The past fifteen years Grantham Canal Society has restored a series of four locks at Woolsthorpe by Belvoir. At the Woolsthorpe Wharf Carpenter’s Shop the society’s office is located. The Dirty Duck Pub serves drinks and meals.
From Woolsthorpe Bridge you enjoy a beautiful view downstream on Carpenter’s Lock (lock 16) and even further Woolsthorpe Middle Lock (lock 15). Close by, upstream is Willis’s Lock (lock 17).
Also two bridges were restored. One, bridge number 63, Casthorpe Horse Bridge, was a narrow, beautifully arched bridge built of mellow Woolsthorpe brick. But unfortunately, at some time in the past, someone knocked it down – and put an ugly concrete slab of a bridge in its place.
With funding from the Derelict land Grant, not only locks 16, 17 and 18 were restored, but also Casthorpe Bridle Bridge was raised again. The new wooden bridle bridge was opened in August 1993. So the old black and white picture is not that old. Hardly anything changed since. The cracks in the brickwork are still there and the scrub on other side of the towpath is a bit more wild.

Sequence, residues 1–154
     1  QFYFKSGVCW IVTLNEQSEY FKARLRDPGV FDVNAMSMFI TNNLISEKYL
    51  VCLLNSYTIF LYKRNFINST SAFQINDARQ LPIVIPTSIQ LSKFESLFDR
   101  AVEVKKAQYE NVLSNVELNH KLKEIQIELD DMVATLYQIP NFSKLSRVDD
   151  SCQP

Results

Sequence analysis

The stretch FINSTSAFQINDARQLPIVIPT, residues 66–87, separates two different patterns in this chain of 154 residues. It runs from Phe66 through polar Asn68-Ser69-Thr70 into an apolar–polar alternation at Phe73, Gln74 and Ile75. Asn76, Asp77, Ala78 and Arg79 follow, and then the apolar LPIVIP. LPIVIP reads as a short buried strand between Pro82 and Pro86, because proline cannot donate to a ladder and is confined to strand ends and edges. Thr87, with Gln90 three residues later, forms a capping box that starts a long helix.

The Grantham Canal runs for 33 miles (53 km) from Grantham through 18 locks to West Bridgford/Nottingham, where it joins the River Trent. It was built primarily for the transportation of coal to Grantham. It opened in 1797 and its profitability steadily increased until 1841. It was then sold to a railway company, declined, and was finally closed in 1936. It was used as a water supply for agriculture, and so most of it remained in water after closure, although bridges were lowered. Since the 1970s, the Grantham Canal Society have been working to restore it.
Grantham Canal - Travel in Time is a project realised by new traces for the Grantham Canal Society.